Interview by Ayyur
Photographed by Giulia Frigieri
Designs and Styling by Leila Nour Johnson
Stylist Assistant: Nawal
Nails by Pablo Esconails
Hair and Makeup by Inès
Set design & backdrops by Pangea
This article is part of the “Ya Leil Ya Eyein” issue
If you get lost in the streets of Paris, you may see this sweet, proud, and radiant woman walking around. A small bag in her hand, a crop top brushing against her waist, hair in the wind, a smile hanging on her lips, Lalla Rami’s commentary and punchlines will both seduce you and give you food for thought.
A goddess of more than 1m80 tall, Lalla Rami grew up in Kenitra, Morocco before beginning her journey here in the City of Lights. As a trans woman who embodies strength, determination, and talent with words, Lalla mixes French, English, and Arabic to craft potent and progressive rap lyrics that blend her position in a masculine universe and her specific path and scars. In her latest single, “Inchallah,” this “rose in the dry desert” dreams of singing in Rabat.
Lalla Rami welcomes us into her space, where music and rap blend and resonate in ways that give us hope as much as shock us to reality.
When I discovered your work, the first thing that intrigued me was your name. Does “Lalla Rami” have a particular meaning for you?
I chose this name because “Lalla” is an honorary title dedicated, for example, to the princess that I am. “Rami” refers to the archer in Moroccan Arabic, because I have several arrows in my bow. As simple as that, “Madame l’Archer.”
Lalla Rami was born in Kenitra, Morocco in a house where her parents’ musical tastes clashed. What did your family listen to when you were little?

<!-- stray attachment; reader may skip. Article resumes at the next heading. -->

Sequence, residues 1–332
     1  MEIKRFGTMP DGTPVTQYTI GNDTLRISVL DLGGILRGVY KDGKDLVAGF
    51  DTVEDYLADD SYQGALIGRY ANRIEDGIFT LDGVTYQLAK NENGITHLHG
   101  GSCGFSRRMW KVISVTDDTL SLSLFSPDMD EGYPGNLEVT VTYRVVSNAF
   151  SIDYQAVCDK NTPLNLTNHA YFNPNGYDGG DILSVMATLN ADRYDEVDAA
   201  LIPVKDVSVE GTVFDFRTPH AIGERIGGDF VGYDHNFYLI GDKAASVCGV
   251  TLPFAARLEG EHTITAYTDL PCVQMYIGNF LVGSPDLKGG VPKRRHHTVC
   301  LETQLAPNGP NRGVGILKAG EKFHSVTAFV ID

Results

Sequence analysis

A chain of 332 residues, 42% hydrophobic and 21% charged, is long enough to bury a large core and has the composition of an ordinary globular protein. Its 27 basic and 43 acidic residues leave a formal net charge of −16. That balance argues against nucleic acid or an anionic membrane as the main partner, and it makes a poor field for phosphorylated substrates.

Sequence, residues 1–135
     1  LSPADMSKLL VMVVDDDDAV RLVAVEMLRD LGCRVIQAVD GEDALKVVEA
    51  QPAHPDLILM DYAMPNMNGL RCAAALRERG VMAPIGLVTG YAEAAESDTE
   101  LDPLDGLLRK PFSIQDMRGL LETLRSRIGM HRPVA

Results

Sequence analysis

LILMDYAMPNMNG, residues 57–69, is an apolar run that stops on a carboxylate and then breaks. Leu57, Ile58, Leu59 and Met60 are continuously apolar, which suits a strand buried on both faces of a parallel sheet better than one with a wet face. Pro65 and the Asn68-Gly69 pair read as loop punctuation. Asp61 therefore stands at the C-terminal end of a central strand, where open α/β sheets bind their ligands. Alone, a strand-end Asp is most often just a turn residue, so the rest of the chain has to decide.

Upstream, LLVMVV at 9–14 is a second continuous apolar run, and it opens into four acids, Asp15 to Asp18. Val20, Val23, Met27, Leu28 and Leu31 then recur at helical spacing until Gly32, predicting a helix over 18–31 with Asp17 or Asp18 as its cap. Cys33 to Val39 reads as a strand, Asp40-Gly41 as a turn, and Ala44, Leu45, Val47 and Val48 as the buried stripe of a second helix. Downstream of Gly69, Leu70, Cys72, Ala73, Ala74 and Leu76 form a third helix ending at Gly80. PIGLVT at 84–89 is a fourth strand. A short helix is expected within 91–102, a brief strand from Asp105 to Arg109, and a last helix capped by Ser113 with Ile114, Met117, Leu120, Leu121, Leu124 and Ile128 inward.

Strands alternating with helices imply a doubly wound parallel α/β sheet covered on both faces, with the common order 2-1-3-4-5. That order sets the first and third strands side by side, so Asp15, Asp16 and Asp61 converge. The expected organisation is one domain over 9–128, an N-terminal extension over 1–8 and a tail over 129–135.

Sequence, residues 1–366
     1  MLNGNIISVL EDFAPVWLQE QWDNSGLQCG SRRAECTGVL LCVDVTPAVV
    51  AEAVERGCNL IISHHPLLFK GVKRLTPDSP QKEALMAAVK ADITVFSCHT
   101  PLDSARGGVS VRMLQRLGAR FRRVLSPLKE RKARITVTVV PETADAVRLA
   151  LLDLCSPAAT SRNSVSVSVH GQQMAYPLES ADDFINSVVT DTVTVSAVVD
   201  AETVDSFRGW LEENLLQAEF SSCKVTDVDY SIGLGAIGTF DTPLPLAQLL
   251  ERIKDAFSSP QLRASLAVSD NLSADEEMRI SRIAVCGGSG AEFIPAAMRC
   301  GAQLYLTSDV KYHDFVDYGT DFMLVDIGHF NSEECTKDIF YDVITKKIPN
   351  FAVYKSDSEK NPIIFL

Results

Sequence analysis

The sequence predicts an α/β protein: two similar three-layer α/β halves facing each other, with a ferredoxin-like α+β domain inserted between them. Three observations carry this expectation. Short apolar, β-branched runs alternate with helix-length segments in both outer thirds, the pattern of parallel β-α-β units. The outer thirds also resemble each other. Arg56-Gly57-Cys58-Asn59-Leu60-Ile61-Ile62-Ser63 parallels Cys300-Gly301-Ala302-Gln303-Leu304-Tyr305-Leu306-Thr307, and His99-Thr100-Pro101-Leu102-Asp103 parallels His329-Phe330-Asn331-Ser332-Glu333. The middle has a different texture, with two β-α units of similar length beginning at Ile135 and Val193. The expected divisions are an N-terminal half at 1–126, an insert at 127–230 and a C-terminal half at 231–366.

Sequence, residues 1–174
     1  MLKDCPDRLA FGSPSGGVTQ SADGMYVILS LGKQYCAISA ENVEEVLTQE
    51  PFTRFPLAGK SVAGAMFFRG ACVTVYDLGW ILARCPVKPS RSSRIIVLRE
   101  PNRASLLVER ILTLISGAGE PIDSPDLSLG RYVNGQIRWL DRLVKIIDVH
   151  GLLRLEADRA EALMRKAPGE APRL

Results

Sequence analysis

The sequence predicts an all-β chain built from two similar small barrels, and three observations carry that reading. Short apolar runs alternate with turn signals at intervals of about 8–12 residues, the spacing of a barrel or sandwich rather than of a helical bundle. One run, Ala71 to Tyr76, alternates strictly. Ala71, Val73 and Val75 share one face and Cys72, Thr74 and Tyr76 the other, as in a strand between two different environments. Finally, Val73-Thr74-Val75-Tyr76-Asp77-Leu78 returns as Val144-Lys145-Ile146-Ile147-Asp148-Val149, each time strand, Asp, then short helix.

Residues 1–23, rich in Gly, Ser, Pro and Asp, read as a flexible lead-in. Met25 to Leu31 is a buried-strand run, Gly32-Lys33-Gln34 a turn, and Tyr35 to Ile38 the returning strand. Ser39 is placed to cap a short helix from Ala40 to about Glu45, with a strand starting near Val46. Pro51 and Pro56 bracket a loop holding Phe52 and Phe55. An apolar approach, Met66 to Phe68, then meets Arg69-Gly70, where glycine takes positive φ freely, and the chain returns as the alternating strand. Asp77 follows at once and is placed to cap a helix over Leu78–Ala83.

We listened to a lot of chaabi. My grandmother listened to a lot of Nass El Ghiwane and Oum Kelthoum. My mother loved Toni Braxton and my father the Eagles. And there was my aunt who I was close to and who loved pop music. She’s so queer. She listened to Mariah Carey, Madonna, Janet Jackson, Prince, Queen, and David Bowie. Put all these references in a blender and you get Lalla Rami.
And to really finish the recipe, shouldn’t we sprinkle one last ingredient: rap?
Hip hop and rap arrived thanks to my cousins with, for example, “Ladies Night”. I was 12 years old at that time and I already wanted to be a pop star. I told my mother, “yes, I’m going to have to make career choices when I grow up, but I want my impact to be bigger than myself.” I started writing around that time, mostly fiction and later songs in English. They were very bad in terms of English, but the rest could have competed with the ones that were in vogue at the time.
The influence of rap in your musical tastes and in your music has been built throughout a period where we discover and define ourselves: middle and high school. How did this period shape how you lived your music or your identity?
I used to get bullied a lot in middle school. I was very depressed and I used music and comedy to try to get out of it. Music, in particular, was central and represented how I felt – I wrote a lot of songs. Later, during my first two years of high school, I released two mixtapes with titles that were pretty transparent about my mental health state. People stopped trying me when I started to hold my head high and not let anyone step on my self esteem, and I started to be more and more myself. Everything was very linked.
At the end of high school, I had red hair and wore crop-tops and nail polish, but I didn’t go out a lot because I knew it wasn’t safe for “girls like me.” I’m talking about physical appearance – it felt like being in a cage and screaming that I was miles away from how people perceived me through my style. However, I didn’t have the right to exist, and I couldn’t imagine at that time being the woman I am today. It was the limit of my hopes to be Lalla Rami.
Being strong, enduring, and living with this violence at a young age leads many to leave the country. Can you tell us more about the steps in your journey and why you chose to leave Morocco?